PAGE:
Q: Jim Kim, president of the World Bank Group, ascribed much of the success of the fight against HIV/AIDs to a political movement that pushed powerful groups to deal with this health crisis. Describe at least two other examples in which political or social mobilization has had an important impact on fighting disease. How can you become a part of such a movement today?
A: In video lecture 4.4 of Global Disease and Health, I was very inspired to see a congressman (Gregory W. Meeks), a socially-oriented businessman (Mikkel Vestergaard Frandsen) and an action-oriented young girl (Naomi Kodama) talk about what they were all doing about malaria, the third biggest cause of death among developing countries (200M suffered from malaria in 2010 and 650K people died of malaria just a few years ago, particularly young children under five, source: video lecture 4.4). This was an example of both political and social mobilization having an impact on fighting disease. Vestergaard Frandsen brought in the technology, Meeks raises awareness for the disease as part of the Malaria Caucus and Naomi Kodama (together with her father) is behind the grassroots campaign, NothingButNets.net which encourages funding for insecticide-treated bed nets being distributed in sub-Saharan Africa.
In video lecture 4.6 of Global Diseas and Health, I also saw how Dr. Neeraj Mistry, managing director of Global Network, David Harris, executive creative director of Draftfcb, and Peter Koechly, co-founder of Upworthy talked about how a U.S.-based institute collaborated with an ad agency and a website for viral content to promote action against something called neglected tropical diseases like worm infections (hook worm, whip worm and round worm), elephantiasis, river blindness, trachoma, and snail fever. These neglected tropical diseases affect 1 billion people in developing countries, mostly in rural and hard-to-reach areas. That scale is really staggering. However, the awareness campaign has really brought in a lot of awareness, which in turn brought in supporters and funding.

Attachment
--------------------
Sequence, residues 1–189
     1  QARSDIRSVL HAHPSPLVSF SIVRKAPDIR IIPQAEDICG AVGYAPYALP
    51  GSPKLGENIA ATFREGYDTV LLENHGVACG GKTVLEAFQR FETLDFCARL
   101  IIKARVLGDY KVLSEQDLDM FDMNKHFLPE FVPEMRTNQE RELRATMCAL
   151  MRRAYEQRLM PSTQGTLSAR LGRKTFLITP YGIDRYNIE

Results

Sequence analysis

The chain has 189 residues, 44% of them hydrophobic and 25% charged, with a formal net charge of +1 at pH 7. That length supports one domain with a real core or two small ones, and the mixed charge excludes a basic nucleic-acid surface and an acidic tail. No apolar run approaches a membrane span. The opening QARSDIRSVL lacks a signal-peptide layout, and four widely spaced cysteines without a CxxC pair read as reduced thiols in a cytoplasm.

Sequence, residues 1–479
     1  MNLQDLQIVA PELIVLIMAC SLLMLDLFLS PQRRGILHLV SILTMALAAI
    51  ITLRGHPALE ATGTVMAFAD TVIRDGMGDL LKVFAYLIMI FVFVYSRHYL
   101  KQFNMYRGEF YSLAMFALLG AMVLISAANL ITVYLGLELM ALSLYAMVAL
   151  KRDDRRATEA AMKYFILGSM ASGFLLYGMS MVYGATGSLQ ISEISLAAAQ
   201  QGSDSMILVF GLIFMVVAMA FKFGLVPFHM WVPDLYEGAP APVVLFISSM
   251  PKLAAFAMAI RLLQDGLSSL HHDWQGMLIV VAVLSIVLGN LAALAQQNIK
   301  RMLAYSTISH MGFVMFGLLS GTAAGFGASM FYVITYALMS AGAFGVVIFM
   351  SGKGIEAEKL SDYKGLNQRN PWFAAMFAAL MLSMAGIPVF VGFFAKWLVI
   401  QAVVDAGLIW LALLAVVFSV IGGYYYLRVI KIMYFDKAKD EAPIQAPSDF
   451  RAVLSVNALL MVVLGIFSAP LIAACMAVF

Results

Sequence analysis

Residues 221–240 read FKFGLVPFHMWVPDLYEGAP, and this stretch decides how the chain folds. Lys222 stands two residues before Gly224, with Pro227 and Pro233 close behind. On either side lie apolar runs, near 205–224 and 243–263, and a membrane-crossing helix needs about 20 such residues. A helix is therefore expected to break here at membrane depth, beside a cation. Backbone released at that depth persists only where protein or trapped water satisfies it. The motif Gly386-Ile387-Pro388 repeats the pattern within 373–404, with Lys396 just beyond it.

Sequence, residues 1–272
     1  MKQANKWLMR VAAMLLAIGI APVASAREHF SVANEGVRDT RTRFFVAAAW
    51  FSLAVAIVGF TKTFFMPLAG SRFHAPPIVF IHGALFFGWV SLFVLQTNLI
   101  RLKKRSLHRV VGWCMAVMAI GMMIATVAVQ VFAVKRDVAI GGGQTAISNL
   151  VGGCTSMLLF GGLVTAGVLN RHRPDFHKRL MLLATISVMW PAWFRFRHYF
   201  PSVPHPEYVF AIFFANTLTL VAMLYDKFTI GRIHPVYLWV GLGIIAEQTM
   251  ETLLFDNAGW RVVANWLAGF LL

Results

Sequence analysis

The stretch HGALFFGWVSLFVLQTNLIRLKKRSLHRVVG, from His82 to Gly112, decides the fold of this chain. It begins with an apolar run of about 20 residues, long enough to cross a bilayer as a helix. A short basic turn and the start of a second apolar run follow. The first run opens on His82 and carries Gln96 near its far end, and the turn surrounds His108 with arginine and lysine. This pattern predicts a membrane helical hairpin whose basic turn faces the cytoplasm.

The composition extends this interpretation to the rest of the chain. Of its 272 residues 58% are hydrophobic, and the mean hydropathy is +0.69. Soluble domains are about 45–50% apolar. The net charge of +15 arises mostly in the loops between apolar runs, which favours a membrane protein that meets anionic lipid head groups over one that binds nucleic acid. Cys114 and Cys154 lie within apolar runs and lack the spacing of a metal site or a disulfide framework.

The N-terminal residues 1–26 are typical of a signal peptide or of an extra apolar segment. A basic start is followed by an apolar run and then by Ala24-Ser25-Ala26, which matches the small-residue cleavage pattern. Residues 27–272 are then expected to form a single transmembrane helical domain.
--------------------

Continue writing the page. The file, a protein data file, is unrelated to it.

This work of fighting global disease truly needs a combination of effective delivery: this includes gathering support and putting the solutions in the hands of those who most need it (Jessica Cohen, Asst. Professor of Global Health, Harvard University, video lecture 4.4 and 4.5) and ethical/ moral responsibility, the continuing reason for people to care and create pressure (Dr. Jeffrey Sachs, Earth Institute, Columbia University, video lectures 4.6 and 4.7). The immediate step I took after the lectures was to donate to both NothingButNets.net and GlobalNetwork.org. However, as mentioned in lectures 4.6 and 4.7, it’s not enough to “throw money” at an initiative. It starts with creating a social consensus, provoking care, marshaling resources, and designing patterns of intervention.
Closer to home, in the Philippines, I am also closely following and supporting the #HungerProject which is a collaboration among a news media website, Rappler, the Philippines’ DSWD (Department of Social Welfare and Development), and U.N.’s World Food Programme. Its aim is to fight malnutrition among our poorest. This is also one effort where my personal action can make a difference. First step: creating social consensus.
Note: I am currently taking up a course boldly called How To Change The World offered by Wesleyan University (offered for free through Coursera.org) and taught by Wesleyan University President, Michael S. Roth. It tackles major issues facing humanity and it is based on discussions brought up during the 2013 Social Good Summit in NY. I am putting up all my assignments on my blog as well.